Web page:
Show Me A Trick

Discussion in 'Magic Forum' started by AminN1, Nov 25, 2015.


Should have a go-to trick or no?

  1. Yes

  2. No

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  1. I like to just play with cards when I'm bored or just because. Many times I do this people come up to me (or the people sitting near me) tell me to show them a trick. Should I have a go-to trick to perform or should I just pick one out of many? Also for the latter, any tips or tricks to be able to pick one out of many tricks (in general)?
  2. I like doing any of the variations of two card monte, it gets them involved, fun patter, and that WTF just happened reaction.
  3. I usually have a few tricks I'll be willing to show someone if they ask to see a trick, I will usually start with a quick two stage ACR, then move on to twisting the aces then sometimes if they really into it I will do a pick a card trick.
  4. Yes! you should have your 1 - 2 tricks you know how to perform.
    And i mean you know what to say, when to say, what to do, etc..
    For example: if i was asked to do i trick, the answer would be YES, with any deck, anywhere, and i would do the biddle trick. But it would be MY version, with my own handling, timings, i always perform it the same way i developed during the years.
    I even performed it when i was drunk, and when i watched the video (yes, i didnt remembered it), i noticed was doing the same way, without even knowing where i was, although i wasn't "speaking" very clearly and stumbling a bit.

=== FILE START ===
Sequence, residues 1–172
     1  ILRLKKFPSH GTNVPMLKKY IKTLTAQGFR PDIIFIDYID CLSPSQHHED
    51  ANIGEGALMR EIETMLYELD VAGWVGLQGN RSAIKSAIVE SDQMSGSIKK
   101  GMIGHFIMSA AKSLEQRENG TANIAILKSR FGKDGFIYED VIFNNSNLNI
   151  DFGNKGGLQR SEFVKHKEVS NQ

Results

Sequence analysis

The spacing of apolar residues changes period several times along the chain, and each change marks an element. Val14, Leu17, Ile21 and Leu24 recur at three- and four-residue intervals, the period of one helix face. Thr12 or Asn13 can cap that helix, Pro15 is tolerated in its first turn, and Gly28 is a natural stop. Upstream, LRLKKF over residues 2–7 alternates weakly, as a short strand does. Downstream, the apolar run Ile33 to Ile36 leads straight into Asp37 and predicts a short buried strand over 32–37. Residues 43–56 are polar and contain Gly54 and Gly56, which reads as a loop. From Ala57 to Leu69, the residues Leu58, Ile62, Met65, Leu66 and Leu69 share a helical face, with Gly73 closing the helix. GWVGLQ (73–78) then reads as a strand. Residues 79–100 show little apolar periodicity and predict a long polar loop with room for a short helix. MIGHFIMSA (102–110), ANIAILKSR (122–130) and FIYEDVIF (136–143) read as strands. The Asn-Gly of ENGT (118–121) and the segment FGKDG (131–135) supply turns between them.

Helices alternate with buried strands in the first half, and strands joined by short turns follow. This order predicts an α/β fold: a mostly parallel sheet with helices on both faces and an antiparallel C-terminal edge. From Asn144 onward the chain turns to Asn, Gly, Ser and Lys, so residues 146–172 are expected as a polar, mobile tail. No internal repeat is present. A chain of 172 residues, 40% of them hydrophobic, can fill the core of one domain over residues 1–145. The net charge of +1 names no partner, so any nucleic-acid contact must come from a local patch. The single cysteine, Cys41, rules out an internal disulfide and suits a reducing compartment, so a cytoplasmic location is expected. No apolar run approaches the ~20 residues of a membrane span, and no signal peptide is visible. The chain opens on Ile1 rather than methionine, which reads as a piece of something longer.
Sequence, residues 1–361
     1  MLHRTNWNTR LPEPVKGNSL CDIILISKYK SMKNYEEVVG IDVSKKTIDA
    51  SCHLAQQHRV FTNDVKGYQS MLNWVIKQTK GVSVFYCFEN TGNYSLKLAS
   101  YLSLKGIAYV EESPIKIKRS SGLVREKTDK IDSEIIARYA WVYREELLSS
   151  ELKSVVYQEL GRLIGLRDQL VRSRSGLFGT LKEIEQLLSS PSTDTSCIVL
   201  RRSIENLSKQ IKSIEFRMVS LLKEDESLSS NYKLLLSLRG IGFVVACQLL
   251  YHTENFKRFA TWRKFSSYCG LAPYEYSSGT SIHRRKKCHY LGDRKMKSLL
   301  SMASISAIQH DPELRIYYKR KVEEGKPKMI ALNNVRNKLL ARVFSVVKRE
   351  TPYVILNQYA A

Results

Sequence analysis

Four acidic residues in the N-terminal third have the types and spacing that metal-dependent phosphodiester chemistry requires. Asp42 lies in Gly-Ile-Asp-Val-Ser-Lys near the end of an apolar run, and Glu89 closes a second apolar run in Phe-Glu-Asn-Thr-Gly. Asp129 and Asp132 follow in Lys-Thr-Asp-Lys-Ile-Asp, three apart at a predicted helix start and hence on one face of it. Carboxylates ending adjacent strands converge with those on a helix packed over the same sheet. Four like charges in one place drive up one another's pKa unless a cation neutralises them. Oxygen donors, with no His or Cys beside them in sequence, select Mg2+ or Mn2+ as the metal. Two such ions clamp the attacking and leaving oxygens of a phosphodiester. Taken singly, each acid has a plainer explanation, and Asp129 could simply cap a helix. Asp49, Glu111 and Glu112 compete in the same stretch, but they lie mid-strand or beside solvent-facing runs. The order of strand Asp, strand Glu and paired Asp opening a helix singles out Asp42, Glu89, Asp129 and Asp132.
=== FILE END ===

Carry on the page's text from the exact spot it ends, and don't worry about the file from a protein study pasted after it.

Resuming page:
(Sorry about that trash story)

    So choose your favourite 2 tricks, modify them to fit your style, study and practise EVERYTHING and that would be yours forever.

    A note about what you said: there shouldn't be "out of many", cause you don't need many tricks, yes, you can know moves and gimmicks about everything, but the difference is made about the confidence and presentation you put into magic, not about the trick itself.

    A tip: choose at least 1 or 2 trick that are impromptu, so if you're given a deck you won't be in panic, then maybe choose something with a setup, that you can arrange if you have time before, or when everyone else is confused.
  5. It's good to have a trick that you perform over and over and over and over. You learn a lot about performance from doing that!
  6. Personally, I'm trying to learn a few coins tricks. Cards seem a little...abstract. Even though they are basically the magicians calling card (pun intended), it's easier for people to relate to coins than they are to cards.

    I just started to take on coin magic, and I want to be able to do 'CoinONE' and Ray Kosby's 'Silver & Bone' (A coin routine where you transpose a half dollar on the back of your hand and a jumbo half dollar in the bottom of your's madness).
  7. It's best to have a short 1-3 trick routine you can jump into at any given moment. Nothing special, nothing fancy just something that you're comfortable with.